Child Sexual Abuse—An Epidemic at Homes

It’s your seventh birthday and all your relatives are sitting around the table. While you enjoy the feast, you make eye contact with one of them who came into your room last night and showed you how to be an “adult”—in all the wrong ways.

Eighty per cent of sexual assault perpetrators are someone the victim knows. It could be a friend, spouse, boss or your neighbor. Unfortunately in the cases of child sexual assault, it is someone from the family.

“It happened to me twice, and both times were my relatives,” says Whitney (first name basis to protect identity). “I was so young I don’t even remember how young I was.”

How frequently does it happen?

Child sexual abuse is ridiculously more common than people know about. The World Health Organisation had published a statistics sheet in 2016 that one in five women and one in thirteen men reported having been sexually abused as a child. In other words, at least one friend among your closest social circle is bound to have been a child victim.

In a city like Hong Kong where the crime rate is one of the lowest in the world, there were reports of 242 girls and 52 boys being sexually assaulted last year. But the reality is definitely direr than the numbers as most of the incidents take place behind closed doors in the “comfort” of their own homes.

“I could never openly confront the relative who abused me because if I did, this would ruin my entire family,” Whitney says when asked about why she never put the offender under the limelight. She mentions a Chinese proverb, which roughly translates to “Unfortunate things that happen at home, should stay inside the home”.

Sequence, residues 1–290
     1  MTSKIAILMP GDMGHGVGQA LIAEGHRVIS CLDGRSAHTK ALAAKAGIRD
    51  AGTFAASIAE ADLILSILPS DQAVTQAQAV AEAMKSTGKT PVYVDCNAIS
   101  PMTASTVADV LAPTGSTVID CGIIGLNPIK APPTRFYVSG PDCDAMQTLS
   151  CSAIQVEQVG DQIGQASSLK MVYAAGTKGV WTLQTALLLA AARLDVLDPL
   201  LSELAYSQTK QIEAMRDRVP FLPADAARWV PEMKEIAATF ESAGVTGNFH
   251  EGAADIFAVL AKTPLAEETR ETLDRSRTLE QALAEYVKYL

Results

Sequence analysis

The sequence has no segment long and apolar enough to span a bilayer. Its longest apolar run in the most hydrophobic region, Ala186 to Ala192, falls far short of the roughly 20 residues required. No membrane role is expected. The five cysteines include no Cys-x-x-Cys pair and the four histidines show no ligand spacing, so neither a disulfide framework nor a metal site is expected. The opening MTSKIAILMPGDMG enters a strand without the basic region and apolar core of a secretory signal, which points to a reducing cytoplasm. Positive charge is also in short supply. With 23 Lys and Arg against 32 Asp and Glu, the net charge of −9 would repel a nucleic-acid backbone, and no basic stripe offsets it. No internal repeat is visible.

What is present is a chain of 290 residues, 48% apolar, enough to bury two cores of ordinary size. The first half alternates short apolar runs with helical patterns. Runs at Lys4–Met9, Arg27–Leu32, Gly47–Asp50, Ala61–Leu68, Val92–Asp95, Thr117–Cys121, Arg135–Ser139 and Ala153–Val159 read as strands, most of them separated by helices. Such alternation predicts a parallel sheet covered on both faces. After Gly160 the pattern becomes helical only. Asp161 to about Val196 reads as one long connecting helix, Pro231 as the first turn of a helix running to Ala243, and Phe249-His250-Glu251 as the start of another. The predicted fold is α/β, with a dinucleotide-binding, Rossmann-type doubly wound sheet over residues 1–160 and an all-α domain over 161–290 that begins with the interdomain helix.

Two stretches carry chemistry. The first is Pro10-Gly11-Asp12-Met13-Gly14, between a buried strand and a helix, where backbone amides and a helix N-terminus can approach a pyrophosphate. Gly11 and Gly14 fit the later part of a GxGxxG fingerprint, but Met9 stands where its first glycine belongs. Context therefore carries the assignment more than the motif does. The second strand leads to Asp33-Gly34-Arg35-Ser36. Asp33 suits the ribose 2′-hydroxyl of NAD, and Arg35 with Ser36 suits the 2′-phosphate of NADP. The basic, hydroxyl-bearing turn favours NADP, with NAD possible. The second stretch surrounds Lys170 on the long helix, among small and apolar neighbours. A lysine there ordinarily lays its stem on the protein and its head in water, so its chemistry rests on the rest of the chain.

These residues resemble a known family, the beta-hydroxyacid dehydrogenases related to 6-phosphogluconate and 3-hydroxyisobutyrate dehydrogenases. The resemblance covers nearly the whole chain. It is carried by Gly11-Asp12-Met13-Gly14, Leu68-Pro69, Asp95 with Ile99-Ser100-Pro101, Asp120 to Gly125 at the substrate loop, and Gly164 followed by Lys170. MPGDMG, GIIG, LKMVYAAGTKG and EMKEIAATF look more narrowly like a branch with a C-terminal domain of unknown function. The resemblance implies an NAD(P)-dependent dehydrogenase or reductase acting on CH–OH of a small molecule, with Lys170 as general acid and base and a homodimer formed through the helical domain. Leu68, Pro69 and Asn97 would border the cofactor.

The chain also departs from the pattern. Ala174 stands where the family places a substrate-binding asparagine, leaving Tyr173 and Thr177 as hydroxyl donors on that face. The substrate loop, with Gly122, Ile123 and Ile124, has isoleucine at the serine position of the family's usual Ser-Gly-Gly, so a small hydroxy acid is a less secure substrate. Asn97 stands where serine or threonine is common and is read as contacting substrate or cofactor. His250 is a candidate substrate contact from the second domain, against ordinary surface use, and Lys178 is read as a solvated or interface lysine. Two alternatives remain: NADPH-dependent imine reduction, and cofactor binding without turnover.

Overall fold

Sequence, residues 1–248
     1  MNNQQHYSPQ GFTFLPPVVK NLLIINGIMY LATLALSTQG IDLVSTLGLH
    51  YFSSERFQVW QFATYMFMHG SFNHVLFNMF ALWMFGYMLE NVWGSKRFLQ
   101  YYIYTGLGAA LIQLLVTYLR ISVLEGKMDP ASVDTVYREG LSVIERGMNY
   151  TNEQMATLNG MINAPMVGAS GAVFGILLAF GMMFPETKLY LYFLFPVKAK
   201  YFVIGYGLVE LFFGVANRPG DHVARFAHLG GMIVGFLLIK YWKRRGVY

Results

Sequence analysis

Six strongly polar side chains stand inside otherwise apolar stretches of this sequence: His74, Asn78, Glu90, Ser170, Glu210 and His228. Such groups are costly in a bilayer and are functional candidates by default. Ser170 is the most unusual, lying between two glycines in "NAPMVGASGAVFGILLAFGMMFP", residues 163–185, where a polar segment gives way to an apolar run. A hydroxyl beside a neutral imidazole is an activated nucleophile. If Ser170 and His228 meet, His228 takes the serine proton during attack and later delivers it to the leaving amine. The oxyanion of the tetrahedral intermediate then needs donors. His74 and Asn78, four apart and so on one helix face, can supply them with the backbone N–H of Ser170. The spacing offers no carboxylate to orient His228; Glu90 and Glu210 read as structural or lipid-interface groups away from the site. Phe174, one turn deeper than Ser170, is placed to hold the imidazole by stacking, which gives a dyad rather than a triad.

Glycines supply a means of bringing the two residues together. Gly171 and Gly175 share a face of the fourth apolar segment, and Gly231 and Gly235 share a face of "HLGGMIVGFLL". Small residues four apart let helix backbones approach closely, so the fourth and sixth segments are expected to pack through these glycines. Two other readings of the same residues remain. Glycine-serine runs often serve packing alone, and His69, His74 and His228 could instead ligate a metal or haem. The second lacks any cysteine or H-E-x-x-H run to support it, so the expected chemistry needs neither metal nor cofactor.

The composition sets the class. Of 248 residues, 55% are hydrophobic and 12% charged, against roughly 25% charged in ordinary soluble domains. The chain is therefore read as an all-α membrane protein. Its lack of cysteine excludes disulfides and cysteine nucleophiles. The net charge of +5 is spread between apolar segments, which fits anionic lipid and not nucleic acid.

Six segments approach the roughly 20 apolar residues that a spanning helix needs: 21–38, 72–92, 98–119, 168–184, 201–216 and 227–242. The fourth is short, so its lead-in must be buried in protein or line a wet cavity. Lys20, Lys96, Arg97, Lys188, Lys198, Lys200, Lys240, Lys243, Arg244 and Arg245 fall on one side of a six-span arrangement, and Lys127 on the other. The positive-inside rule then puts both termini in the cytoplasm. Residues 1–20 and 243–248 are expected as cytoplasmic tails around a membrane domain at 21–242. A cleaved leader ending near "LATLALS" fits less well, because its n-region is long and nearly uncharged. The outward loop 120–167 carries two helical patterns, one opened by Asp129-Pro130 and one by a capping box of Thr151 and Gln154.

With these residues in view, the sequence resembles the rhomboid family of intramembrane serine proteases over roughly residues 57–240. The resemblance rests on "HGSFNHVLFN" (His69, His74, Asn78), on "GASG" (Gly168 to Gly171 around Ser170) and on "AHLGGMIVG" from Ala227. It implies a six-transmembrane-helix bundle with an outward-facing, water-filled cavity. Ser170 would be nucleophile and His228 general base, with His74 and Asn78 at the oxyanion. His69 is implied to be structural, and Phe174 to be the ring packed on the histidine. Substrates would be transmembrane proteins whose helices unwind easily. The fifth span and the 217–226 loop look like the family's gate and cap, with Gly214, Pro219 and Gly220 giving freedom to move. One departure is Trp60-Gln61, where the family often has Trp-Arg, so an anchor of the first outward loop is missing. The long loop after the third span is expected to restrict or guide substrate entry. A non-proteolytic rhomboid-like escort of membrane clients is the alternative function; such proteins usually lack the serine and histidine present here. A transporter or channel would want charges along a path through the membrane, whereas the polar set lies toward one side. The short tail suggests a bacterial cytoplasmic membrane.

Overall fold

A step towards social change

(Photo Credit/Sumichhya)

However, it seems that women and men around the world have finally had enough of it. The #MeToo social movement was actually started more than ten years ago by activist Tarana Burke but gained a massive momentum just about last month after the notorious Harvey Weinstein Hollywood scandal. Since then, there has been a swarm of social media posts where victims have come out with their sexual harassment stories to let victims know that they are not alone. Its effect has also trickled down to Hong Kong, where people are often criticised for their conservative mindset and suppression against conversations related to sex.


A Hong Kong hurdler Vera Lui, recently posted a disturbing but powerful post on her social media page where she shared her experience of being sexually assaulted by her high school coach. The story of this young woman taking her bold step to shed a light on the hidden monstrosity of sexual abuse has sparked immense discussion among the citizens as well as netizens from all over Asia.

We as adults have the understanding of the rights over our own bodies and dignity. But what about the younger ones who are still very much impressionable and vulnerable to the monsters disguised as angels within the family? Is it still too early to have an open conversation with children?

Let them know it’s never their fault.


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